The Daily Dose • Thursday, May 20, 2021
How Anesthesiologists Can Be Leaders in Patient Care
Lee A. Fleisher, MD, delivered a call to action on the governmental response to the SARS-CoV-2 pandemic and how this could or should influence leadership in anesthesiology during the “T.H. Seldon Memorial Lecture: the Future of the Specialty: How the Pandemic and Policy Changes Should Influence Our Leadership” on May 15 at the IARS 2021 Annual Meeting. Well versed in this topic, Dr. Fleisher is Professor of Anesthesiology, Critical Care, and Medicine at the University of Pennsylvania Perelman School of Medicine, and currently serving as the Chief Medical Officer and Director of the Center for Clinical Standards and Quality at the Center for Medicare and Medicaid Services.
Opening remarks, provided by Max Kelz, MD, PhD, Distinguished Professor of Anesthesiology and Critical Care at the University of Pennsylvania Perelman School of Medicine, set the context for the T.H. Seldon Memorial Lecture before introducing Dr. Fleisher. Dr. Kelz remembered the namesake of the lecture, Dr. Harry Seldon and his contributions to anesthesiology research, including serving as the Directing Editor of Anesthesia & Analgesia for over 20 years.
Beginning his lecture, Dr. Fleisher harkened back to the 47th Annual Rovenstine Lecture, specifically how Ronald Miller, MD, so eloquently described the mission of the field of anesthesiology as tripartite: patient care, education, and research. This formed the outline of his lecture as he would discuss the future of anesthesiology through the lens of each of these facets.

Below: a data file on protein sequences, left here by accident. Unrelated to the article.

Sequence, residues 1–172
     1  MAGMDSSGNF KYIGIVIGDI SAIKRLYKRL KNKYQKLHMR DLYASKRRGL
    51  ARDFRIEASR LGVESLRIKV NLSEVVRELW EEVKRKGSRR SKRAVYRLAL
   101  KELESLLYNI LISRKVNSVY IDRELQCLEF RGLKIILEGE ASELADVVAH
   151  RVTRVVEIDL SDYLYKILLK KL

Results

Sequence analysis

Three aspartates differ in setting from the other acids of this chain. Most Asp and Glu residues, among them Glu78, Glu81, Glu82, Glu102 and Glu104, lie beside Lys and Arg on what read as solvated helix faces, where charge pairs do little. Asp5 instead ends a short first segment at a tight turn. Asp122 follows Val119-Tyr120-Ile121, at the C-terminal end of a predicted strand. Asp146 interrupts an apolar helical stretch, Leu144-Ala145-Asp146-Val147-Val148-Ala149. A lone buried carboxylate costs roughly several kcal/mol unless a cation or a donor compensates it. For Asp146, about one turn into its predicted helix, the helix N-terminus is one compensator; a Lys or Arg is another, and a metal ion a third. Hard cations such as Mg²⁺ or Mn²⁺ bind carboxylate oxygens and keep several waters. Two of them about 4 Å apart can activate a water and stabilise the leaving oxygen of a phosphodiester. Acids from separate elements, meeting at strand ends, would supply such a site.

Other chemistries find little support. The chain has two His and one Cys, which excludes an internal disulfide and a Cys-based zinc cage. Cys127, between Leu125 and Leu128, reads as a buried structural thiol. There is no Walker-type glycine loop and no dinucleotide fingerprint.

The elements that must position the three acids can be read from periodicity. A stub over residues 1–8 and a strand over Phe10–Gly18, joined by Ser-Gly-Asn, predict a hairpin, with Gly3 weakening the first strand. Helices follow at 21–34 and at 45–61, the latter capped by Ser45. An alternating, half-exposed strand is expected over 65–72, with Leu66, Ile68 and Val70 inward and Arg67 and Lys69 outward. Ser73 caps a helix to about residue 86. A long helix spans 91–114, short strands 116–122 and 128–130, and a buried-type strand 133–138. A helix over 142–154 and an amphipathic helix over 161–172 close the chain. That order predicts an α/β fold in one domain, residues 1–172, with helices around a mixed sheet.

A familiar graph showing an ever-increasing share of gross domestic product being spent on healthcare was quickly supplanted by a figure showing a sharp and significant downturn in healthcare spending during the height of the global pandemic. Interestingly, healthcare spending has not yet returned to its prepandemic baseline, and Dr. Fleisher suggests that it will likely take years to get back to baseline, if it ever does. Part of this is the significant reduction in elective care and procedures, but also can be attributed somewhat to the rapid adoption of telehealth and “hospital at home” care.
However, this decrease in healthcare spending should be viewed as an opportunity for anesthesiologists to lead the way into alternative payment models that emphasize the value we add in care of the surgical patient, Dr. Fleisher urged. This ranges from proposals such as the perioperative surgical home, to optimize and improve outcomes for surgical patients, to enhanced recovery after surgery, to reduce opioid exposure, and to improve recovery times for surgical patients. Dr. Fleisher emphasized that anesthesiologists must proactively advance the field with new and innovative ways to be of value, lest the field get left behind in these new alternative payment models and fossilizes.